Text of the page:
With good tools it is easy to write regular expressions

by toni 7. October 2013 08:41

The following pictures describe what lot of developers experience when writing regular expressions.

The hours writing the regular expression


And when the pattern finally works


Instead of learning regular expression from Wikipedia, Linux man pages or from a tutorial you can use one of the many tools that are available. Let’s look at one such tool.

Assume you have hundreds of files that are named like:


Your job is to find out the largest number. In this case the correct answer would be “123”. You could write lot of code or you could use following regular expression (no I didn’t test this but you get the point) to extract the number after the underscore:


Writing something like this using a good tool is a matter of minutes. My tool of choice was Expresso (free but you need to send email to the developer to register it). It can analyze the regular expression:


As you write the regular expression the analyzer shows what it means. This helps a lot because you don’t have to remember what each part of the expression does. Also instead of trying to remember the cryptic syntax for “Match a prefix but exclude it from the capture” you can just look under Groups:


Of course this is just one tool and there are many alternatives such as RegexBuddy or Rad Software Regular Expression Designer. If you don’t like the idea of installing software you can use online tools like RegExr or RegEx101.com.

Hopefully these tools make it easier for you to write regular expressions!



About semicolons in JavaScript

by toni 16. September 2013 07:21

As you probably know semicolons are optional in JavaScript but e.g. in the book JavaScript: The Good Parts it is recommended to use them:

JavaScript has a mechanism that tries to correct faulty programs by automatically inserting semicolons. Do not depend on this. It can mask more serious errors.

JavaScript uses a C-like syntax, which requires the use of semicolons to delimit statements. JavaScript attempts to make semicolons optional with a semicolon insertion mechanism. This is dangerous.

In many ways this reminds me of C/C++ that I saw and wrote back in year 2000 when I was working as a C++ developer.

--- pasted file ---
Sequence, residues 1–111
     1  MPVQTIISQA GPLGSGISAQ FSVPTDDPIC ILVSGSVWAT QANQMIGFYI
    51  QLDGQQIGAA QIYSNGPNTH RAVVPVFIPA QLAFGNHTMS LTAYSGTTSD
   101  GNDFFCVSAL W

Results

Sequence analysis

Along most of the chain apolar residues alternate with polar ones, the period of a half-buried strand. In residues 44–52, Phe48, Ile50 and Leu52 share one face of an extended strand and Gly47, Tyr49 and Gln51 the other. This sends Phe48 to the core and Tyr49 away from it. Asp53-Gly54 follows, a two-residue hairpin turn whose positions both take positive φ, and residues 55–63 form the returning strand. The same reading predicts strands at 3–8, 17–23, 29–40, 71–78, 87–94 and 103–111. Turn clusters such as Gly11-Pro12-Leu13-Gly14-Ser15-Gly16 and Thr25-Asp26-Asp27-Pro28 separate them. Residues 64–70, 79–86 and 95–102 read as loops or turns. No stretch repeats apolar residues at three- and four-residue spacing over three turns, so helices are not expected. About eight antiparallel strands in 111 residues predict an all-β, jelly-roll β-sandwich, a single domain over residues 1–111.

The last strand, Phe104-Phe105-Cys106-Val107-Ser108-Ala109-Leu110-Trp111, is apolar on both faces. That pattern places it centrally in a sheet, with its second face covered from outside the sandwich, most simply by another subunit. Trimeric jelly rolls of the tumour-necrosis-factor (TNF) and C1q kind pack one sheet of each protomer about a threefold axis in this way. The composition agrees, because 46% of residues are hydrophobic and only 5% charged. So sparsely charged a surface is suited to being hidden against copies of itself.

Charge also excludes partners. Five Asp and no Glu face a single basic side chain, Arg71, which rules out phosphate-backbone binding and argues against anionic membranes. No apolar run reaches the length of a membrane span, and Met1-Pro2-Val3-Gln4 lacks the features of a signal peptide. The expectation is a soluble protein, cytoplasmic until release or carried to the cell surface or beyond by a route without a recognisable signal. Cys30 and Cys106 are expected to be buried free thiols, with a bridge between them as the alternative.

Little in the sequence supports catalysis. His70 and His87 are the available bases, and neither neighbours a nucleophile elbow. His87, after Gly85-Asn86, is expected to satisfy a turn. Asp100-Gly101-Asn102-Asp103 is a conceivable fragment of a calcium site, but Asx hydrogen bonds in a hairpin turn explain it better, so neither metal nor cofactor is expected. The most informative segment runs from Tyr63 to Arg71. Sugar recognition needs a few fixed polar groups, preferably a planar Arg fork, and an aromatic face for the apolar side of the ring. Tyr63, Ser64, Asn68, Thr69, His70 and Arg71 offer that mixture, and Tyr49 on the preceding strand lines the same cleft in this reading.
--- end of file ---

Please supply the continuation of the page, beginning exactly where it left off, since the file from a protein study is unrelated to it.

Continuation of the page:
Yoda Conditions

if (NORMAL == mode)

It is called yoda condition because the way you read it

if (NORMAL == mode) reads “If normal is the mode”
if (mode == NORMAL) reads “if mode is normal”

Anyway this was recommended because it prevented lot of bugs:

// Bug: Assignment instead of comparison!
if (mode = NORMAL)

// Compilers gives warning because you cannot assign to constant
if (NORMAL = mode)

Pointer initialization

It was recommended that every pointer is initialized to NULL. Sure even back then we had some compilers that did that automatically but not for every platform. I remember writing code for HP-UX where the compiler did this. After porting the code to SunOS and running in release mode I got burned.

Using braces { } with if statements

// Not recommended
if (NORMAL == mode)

// Recommended
if (NORMAL == mode)

Usage of braces was recommended because they prevented lot of bugs when changes were made into the code base.

// Bug! SomeOtherMethod is always called
if (NORMAL == mode)

// Using braces always makes it harder to introduce
// bugs when modifying code.
if (NORMAL == mode)


So what's all this C++ has got to do with JavaScript? These recommendations were widely used because they prevented lot of bugs in the long run. This was especially true in the following cases

  • New developers/team starts making next version
  • Sub contractor working on the code